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Iran: Strait of Hormuz

December 28, 2011, by Ken Jorgustin

Located between Oman and Iran, the Strait of Hormuz connects the Persian Gulf with the Gulf of Oman and the Arabian Sea.

Hormuz is the world’s most important oil choke-point due to its daily oil flow of 15.5 million barrels.

Flows through the Strait in 2009 are roughly 33 percent of all seaborne traded oil or 17 percent of oil traded worldwide.

On average, 13 crude oil tankers per day passed eastbound through the Strait with a corresponding amount of empty tankers entering westbound to pick up new cargo.

At its narrowest point, the Strait is 21 miles wide, but the width of the shipping lane in either direction is only two miles, separated by a two-mile buffer zone.

The Strait is deep and wide enough to handle the world’s largest crude oil tankers, with about two-thirds of oil shipments carried by tankers in excess of 150,000 deadweight tons.

To traverse the Strait, ships pass through the territorial waters of Iran and Oman.

 

 

So… how much would the price of oil and gasoline soar to ‘if’ Iran were to cause trouble here, as they are currently threatening to do??

“Closing the Strait of Hormuz for Iran’s armed forces is really easy … or as Iranians say, it will be easier than drinking a glass of water,” Iran’s navy chief Habibollah Sayyari told Iran’s English-language Press TV on Wednesday.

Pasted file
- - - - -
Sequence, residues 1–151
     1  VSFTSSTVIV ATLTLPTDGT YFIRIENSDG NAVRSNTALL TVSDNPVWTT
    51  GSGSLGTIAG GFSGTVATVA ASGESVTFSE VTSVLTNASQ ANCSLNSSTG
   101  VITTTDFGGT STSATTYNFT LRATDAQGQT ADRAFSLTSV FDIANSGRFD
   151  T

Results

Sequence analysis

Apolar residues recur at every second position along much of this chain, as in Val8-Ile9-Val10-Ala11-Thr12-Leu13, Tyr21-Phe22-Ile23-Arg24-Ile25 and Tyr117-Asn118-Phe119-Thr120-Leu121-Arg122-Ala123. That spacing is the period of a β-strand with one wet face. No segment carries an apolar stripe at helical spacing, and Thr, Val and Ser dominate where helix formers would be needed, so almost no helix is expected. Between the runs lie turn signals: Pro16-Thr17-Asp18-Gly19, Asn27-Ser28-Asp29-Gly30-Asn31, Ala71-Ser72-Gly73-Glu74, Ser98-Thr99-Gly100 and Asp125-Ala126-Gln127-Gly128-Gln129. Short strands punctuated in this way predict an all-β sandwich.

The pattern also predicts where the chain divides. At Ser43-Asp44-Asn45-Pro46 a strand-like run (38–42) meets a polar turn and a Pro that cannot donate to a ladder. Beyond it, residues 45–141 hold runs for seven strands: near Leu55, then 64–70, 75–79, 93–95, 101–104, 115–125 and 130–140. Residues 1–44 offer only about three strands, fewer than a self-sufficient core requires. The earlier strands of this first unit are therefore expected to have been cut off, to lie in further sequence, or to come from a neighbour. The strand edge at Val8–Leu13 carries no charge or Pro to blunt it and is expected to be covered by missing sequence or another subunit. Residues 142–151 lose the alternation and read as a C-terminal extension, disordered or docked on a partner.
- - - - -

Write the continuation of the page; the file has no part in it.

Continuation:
The U.S. Fifth Fleet said on Wednesday it would not allow any disruption of traffic in the Strait of Hormuz, after Iran threatened to stop ships moving through the world’s most important oil route.

Source: Reuters

 

The Foundations For Global Conflict

The success of an Iranian backed closure of the Straits, even for a short period of time, could unleash regional chaos in an area already beset by public uprisings against the established order. Iraq, already divided by regional power-demarcation, could re-collapse into wholesale anarchy.

An EU-wide embargo of Iranian oil would destroy Iran’s economy in short order, and likely send crude oil prices significantly higher. The regime would be forced to act militarily to survive, despite its significant force inferiority.

Along with the chaos sweeping the MENA region, as one power vacuum after another emerges, open conflict with Iran has ability to conflagrate into an all-out global conflict of potentially catastrophic proportions.

Source: Jim Sinclair’s Mineset

 

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